- May 28, 2020
- Posted by: philani
- Category: Blog, News
Young People expect to be partners to deal with pandemic; not the beneficiaries
“Some of my friend gossip near the drinking fountain that they will not come back to school after the lock-down ends. What is the value of education after all, it is the money that matters! I am not sure if I’ll be able to study grade 8 after this lock-down situation” says Nani Danuwar, a fourteen-year young girl from the Danuwar Community in Lalitpur district of Nepal. Nani is just a symbol of thousands of young people in Nepal and especially those from the disadvantaged communities who sleep every night worrying about the implications the pandemic situation caused by the new Coronavirus would leave behind in their life. The pandemic situation has plagued these young people with daily uncertainty and major disruption in their routine, education, social and economic lives. “Last year, I took the examination of grade 7 and still the result is pending. I read last year’s book times and again now also since I do not if I can get new books to read or not” adds Nani Danuwar during the interview done by National Campaign for Education Nepal (NCE Nepal), a national network of more than 364 member organizations working for right to education in Nepal since 2003.
Young people have started to feel alone and are engaged in the household chores. Basically the ones from the marginalized communities are beyond the access of online learning or internet facilities. Life has been hard for these young people with limited or no source of income and restriction of movement and gathering. “There is always a dispute between my parents regarding the income. Movement should not be restricted by the government as we poor ones are dying anyway with either the virus or hunger” says Bir Danuwar, a young boy of sixteen years old of the same community. There has been increased tension in the families affecting children’s psychology, increased anger, anxiety, depression and also increased cases of social abuse and crime in the nation due to the pandemic situation. Though young people are with their family, they seldom feel at ease as they need the company of people of their age to share their problems. Another difficulty came with protecting young people from the internet, games or any such addictions.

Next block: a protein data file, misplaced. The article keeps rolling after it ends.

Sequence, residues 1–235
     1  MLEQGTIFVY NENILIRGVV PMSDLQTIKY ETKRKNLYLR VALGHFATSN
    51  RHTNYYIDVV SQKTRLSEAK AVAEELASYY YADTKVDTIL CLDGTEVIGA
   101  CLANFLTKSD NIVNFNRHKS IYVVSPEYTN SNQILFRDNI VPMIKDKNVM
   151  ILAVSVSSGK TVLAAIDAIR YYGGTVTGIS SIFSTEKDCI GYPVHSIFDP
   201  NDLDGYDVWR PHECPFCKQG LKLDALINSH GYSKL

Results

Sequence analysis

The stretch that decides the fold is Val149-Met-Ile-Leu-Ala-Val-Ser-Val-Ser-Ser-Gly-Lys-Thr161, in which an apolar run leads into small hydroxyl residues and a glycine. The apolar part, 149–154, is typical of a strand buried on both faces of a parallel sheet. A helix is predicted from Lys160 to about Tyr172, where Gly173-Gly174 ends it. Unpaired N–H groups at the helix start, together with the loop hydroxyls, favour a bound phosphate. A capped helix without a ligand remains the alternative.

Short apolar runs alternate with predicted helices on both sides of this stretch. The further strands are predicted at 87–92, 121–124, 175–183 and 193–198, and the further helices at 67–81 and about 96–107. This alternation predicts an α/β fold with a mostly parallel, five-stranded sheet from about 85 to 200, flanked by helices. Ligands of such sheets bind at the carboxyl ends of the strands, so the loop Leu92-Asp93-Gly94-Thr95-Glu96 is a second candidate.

Nevertheless, there are also young people in the society who feel that they can contribute to stand together with the nation to fight against the virus. Young researchers of the Youth Action Research of NCE Nepal from the same Dukuchhap community have been engaged in providing counselling services to their juniors regarding how to cope up with the situation and to ensure learning at home with the different activities. “I tell stories to my sister and whenever she feels like leaving school, I make her realize how important education is to be independent and empowered” says Siya Danuwar, a twenty three-year youth researcher. “Young people require continuous motivation, courage, empowerment and continuous mentoring so that they become determined enough to tackle well with any abnormal situation” adds Siya during the interview done by NCE Nepal. These young people not only expect to be the beneficiaries but also wants to be the partners to deal with the pandemic situation. They expect themselves to be heard and collaborate with local governments to find solutions together.
Ram Gaire, NCE Nepal
Note: all names of young people have been altered.
This blog is part of our COVID-19 blog series aiming to highlight issues affecting education, learners and education activists worldwide, including displaced populations, inclusive and adult education. We are also highlighting issues from regional perspectives in Africa, Latin America and several blogs will focus on youth.
Stay tuned to our Covid-19 webinar series for more in-depth discussions.